Haunted Eureka Springs

With two family members I went up to Eureka Springs, Arkansas, recently. I say we went up because Eureka Springs is high in the Ozark Mountains of northwest Arkansas. Eureka Springs once billed itself as a health resort; it is now very much a tourist destination. Packed with small shops and historic sites, a trip to Eureka Springs is in some ways a journey into the past.

The three of us stayed in a motel on the main highway. I know I shouldn’t complain—our lodgings were probably better than those of half the world’s population—but the place was rather decrepit and poorly-run. The one lock on the main door to our room was hard to work—even the motel manager struggled with it. The door to the bathroom closed but did not latch shut. Both the heater and the refrigerator were loud, making it difficult to fall asleep once the lights were out. The cleaning service left a plastic cup on the floor behind the toilet and a slipper on the floor by the dresser. The complementary breakfast was missing, except for a little breakfast cereal and a pitcher of milk in the mini-fridge. Worst of all, the room we were staying in was haunted.

Let me immediately interrupt my account to say that I do not believe in hauntings. The Bible says that when a believer dies, his or her soul is immediately taken to Paradise; when an unbeliever dies, his or her soul is immediately taken to Hades. Human spirits do not linger on this planet. Accounts of hauntings are due to a combination of wishful thinking (or dread), imagination, exaggeration, occasionally deliberate fraud, and unexpected events that fool the senses into seeing or hearing something that is not really there. The fact that I do not believe in ghosts does not prevent me from enjoying a good ghost story. I’ve even written a ghost story, which you can read here if you wish.

The Crescent Hotel, high atop a hill in Eureka Springs, is claimed to be haunted. It opened as a hotel and currently operates as a hotel, but in between it has been a girls’ school and a hospital. The proprietors encourage legends of ghosts in the building and even provide a tour of the hotel to allow guides to talk about the history of the building and the ghosts that supposedly remain there. For example, one ghost lives in a certain room of the Hotel and generally leaves guests alone. If they are loud or quarrelsome, though, it has been known to take the clothing the guests hung neatly in the closet and drop them to the floor.

The three of us stopped by the Crescent Hotel, not to take the ghost tour (which all of us have taken before), but to look at Christmas decorations. We also drove around the city to look at other decorations. When we returned to the motel, we hung up our winter coats and sat down to play a card game. The hangers in the motel, like those of many budget motels, are not ordinary hangers with hooks on the top. Instead, they have pegs which fit into slotted knobs on the hanger rod. I guess this keeps guests from stealing hangers from the hotel, since those peg-topped hangers would be useless anywhere else. Like everything else in the motel, the peg-topped hangers and slotted knobs were worn with age and with frequent use.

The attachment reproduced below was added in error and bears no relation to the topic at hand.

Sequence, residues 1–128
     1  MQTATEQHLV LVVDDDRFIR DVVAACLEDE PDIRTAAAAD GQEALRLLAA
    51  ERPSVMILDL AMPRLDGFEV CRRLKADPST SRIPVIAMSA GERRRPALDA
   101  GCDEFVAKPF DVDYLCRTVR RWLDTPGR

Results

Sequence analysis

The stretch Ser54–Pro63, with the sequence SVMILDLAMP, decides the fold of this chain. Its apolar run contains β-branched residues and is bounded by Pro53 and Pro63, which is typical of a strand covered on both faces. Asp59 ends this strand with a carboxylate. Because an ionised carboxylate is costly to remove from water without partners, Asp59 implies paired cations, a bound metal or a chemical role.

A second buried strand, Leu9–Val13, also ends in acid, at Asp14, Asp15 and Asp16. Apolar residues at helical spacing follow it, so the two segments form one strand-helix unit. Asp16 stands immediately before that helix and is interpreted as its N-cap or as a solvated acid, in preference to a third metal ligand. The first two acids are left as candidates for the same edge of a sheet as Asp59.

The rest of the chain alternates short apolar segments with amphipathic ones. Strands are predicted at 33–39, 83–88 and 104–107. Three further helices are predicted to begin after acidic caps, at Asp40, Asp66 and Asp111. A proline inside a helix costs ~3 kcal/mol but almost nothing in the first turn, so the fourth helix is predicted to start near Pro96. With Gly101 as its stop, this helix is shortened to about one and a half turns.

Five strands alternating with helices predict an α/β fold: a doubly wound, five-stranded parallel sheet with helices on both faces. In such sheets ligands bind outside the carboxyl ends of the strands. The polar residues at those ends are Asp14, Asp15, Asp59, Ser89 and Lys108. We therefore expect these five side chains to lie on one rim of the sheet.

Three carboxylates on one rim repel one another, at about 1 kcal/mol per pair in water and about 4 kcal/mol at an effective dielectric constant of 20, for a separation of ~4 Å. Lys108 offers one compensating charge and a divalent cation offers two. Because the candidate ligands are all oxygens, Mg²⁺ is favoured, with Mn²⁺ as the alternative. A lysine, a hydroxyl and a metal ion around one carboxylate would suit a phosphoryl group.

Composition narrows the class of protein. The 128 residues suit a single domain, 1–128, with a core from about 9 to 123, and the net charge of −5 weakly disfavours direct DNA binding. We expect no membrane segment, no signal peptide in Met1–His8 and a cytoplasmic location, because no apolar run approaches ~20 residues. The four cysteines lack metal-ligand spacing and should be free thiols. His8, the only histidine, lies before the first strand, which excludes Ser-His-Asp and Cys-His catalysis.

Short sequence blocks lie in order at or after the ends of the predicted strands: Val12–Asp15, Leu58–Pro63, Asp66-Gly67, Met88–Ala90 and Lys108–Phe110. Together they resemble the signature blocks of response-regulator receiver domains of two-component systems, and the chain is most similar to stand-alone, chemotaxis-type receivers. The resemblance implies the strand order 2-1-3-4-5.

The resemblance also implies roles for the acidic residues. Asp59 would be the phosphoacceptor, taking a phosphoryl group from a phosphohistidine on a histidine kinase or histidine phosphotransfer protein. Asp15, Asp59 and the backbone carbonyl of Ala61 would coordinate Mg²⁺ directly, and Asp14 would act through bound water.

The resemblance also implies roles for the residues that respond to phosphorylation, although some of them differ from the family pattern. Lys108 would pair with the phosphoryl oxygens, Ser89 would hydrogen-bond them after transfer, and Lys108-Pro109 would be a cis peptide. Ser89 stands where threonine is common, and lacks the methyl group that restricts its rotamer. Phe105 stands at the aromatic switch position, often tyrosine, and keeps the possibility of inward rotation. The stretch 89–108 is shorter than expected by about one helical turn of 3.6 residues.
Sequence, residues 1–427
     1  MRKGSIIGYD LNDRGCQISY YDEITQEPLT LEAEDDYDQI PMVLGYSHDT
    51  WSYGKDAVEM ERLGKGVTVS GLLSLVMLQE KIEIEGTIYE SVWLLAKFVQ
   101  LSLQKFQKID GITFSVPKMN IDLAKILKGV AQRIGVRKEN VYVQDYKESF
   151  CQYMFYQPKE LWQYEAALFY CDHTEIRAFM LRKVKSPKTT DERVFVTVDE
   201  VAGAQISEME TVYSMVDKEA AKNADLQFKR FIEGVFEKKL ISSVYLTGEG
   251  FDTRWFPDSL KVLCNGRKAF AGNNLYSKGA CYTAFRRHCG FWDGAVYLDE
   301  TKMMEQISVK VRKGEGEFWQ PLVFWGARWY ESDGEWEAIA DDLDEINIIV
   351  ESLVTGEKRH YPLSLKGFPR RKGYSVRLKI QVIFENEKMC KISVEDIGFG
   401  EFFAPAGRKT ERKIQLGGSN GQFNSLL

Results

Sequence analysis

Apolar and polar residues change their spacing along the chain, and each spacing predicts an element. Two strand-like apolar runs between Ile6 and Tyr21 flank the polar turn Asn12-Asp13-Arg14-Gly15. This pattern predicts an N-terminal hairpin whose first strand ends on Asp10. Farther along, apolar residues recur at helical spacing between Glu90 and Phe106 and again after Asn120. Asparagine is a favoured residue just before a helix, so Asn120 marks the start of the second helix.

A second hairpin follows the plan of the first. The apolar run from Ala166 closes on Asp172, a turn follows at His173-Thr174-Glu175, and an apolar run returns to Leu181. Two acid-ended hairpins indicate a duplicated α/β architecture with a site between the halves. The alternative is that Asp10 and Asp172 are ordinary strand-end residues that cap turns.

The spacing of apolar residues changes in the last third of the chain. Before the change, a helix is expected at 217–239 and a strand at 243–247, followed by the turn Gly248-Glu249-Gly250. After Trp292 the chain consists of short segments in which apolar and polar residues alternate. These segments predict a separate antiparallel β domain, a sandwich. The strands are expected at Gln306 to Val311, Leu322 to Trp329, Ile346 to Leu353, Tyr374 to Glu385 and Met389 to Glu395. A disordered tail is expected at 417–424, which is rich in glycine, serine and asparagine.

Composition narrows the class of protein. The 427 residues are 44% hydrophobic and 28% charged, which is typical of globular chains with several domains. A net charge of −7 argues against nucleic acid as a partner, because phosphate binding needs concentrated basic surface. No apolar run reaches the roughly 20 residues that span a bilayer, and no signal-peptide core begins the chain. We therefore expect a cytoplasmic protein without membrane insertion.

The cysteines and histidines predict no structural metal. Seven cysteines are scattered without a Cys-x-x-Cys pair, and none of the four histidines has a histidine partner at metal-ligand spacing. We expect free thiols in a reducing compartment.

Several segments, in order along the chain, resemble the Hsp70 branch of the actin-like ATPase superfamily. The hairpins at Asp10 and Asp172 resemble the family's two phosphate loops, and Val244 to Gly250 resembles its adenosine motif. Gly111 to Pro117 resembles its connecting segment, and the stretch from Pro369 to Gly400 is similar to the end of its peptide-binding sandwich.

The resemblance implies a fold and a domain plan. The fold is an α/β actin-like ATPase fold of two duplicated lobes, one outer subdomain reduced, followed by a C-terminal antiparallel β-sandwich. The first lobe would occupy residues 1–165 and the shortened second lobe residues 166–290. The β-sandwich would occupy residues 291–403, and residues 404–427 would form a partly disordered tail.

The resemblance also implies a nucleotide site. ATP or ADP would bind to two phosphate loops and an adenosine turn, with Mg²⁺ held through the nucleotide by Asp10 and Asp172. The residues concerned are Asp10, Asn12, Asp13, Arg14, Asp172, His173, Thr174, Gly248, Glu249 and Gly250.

So we were playing a card game—not being particularly loud or at all quarrelsome—when one of the coats across the room dropped to the floor. Its owner picked it up and hung it again. Soon the same coat and another both dropped to the floor. At various times each of us had to rehang our coats, although mine dropped only once. We congratulated ourselves at experiencing a ghost in Eureka Springs without having to pay the fee for the ghost tour of the Crescent Hotel.

During the night I was startled awake by a voice that called my name. It was a young woman’s voice, although not that of anyone I recognized. We agreed the next morning that I must have been addressed by the same ghost who played with our coats, and another of us had to search for her socks in the morning, as they were not where she remembered leaving them the night before.

If anyone wants to stay in the haunted motel room in Eureka Springs, I can tell you the name of the motel and the room number. But don’t expect to sleep soundly or to be fed breakfast in the morning. About all they have to offer is their ghost. J.

PS: Due to trouble with the modem that serves my home computer, I am having to reach WordPress at the library. As a result, you can expect some irregularity in the posting of my Advent thoughts.

6 thoughts on “Haunted Eureka Springs

  1. We enjoy Eureka Springs ourselves; in fact, that is where we went on our Honeymoon. My family used to go there in the summer sometimes when I was a kid. The Crescent Motel is something for sure. We walked around but did not take the tour. The shopping district is really cool, and the art studios too.

    Liked by 1 person

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